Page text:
Rebecca Solnit

Puffin Foundation Fellow

Writer, historian, and activist Rebecca Solnit is a Puffin Foundation Fellow at Type Media Center and the author of more than twenty books on feminism, western and urban history, popular power, social change and insurrection, wandering and walking, hope and catastrophe. Her books include “Orwell’s Roses,” as well as “Recollections of My Nonexistence;” “Hope in the Dark; Men Explain Things to Me;” and “A Paradise Built in Hell: The Extraordinary Communities that Arise in Disaster.” A product of the California public education system from kindergarten to graduate school (at UC Berkeley’s Graduate School of Journalism), she writes regularly for The Guardian and LitHub, and serves on the board of the climate group Oil Change International.


Recollections of My Nonexistence

In Recollections of My Nonexistence, Rebecca Solnit describes her formation as a writer and as a feminist in 1980s San Francisco, in an atmosphere of gender violence on the street and throughout society and the exclusion of women from cultural arenas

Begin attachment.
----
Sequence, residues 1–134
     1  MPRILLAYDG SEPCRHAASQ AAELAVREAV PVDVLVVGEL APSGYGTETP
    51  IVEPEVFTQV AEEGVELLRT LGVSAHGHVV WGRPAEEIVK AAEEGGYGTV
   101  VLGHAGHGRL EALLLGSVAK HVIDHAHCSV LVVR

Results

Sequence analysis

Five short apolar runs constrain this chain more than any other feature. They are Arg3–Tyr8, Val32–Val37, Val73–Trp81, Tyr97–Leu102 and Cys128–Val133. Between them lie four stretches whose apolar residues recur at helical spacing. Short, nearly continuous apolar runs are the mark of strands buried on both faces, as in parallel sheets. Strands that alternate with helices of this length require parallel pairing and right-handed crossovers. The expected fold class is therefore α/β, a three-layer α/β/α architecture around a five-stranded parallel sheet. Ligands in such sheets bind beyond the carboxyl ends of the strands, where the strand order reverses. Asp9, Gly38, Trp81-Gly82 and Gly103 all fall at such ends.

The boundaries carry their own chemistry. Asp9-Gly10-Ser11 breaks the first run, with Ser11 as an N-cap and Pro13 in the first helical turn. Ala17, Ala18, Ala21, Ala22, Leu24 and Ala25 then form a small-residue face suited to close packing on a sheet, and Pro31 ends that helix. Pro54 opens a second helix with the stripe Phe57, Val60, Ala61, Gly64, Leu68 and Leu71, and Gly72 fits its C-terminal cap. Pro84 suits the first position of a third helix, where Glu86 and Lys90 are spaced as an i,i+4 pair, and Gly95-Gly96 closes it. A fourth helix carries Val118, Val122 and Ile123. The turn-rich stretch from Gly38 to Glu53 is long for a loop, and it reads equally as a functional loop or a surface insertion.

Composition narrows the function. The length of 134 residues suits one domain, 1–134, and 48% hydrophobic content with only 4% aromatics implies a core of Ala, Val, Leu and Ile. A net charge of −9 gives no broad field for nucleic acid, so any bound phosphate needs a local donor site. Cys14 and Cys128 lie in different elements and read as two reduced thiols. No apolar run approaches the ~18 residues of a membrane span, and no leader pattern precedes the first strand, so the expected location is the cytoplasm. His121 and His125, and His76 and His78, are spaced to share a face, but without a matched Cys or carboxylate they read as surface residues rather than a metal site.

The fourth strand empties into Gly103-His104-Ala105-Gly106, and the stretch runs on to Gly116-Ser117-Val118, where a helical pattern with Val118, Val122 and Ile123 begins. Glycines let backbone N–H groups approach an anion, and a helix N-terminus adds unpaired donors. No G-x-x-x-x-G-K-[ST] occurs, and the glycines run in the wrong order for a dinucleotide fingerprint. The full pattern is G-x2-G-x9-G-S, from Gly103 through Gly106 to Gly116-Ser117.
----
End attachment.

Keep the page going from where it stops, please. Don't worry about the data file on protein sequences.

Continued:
How Buddhism has changed the west for the better

We are not who we were very long ago. A lot of new ideas have emerged from Buddhism and other traditions emphasizing compassion, equality, nonviolence and critical perspectives on materialism and capitalism.

This article is more than 2 months old Republicans are laying a path back to power – and paving it with lies

Despite having fled the mob on 6 January, many congressmen are openly fleeing the truth about what happened that day

Why are US rightwingers so angry? Because they know social change is coming

The American right might win the occasional battle – but they will never win the war against progress.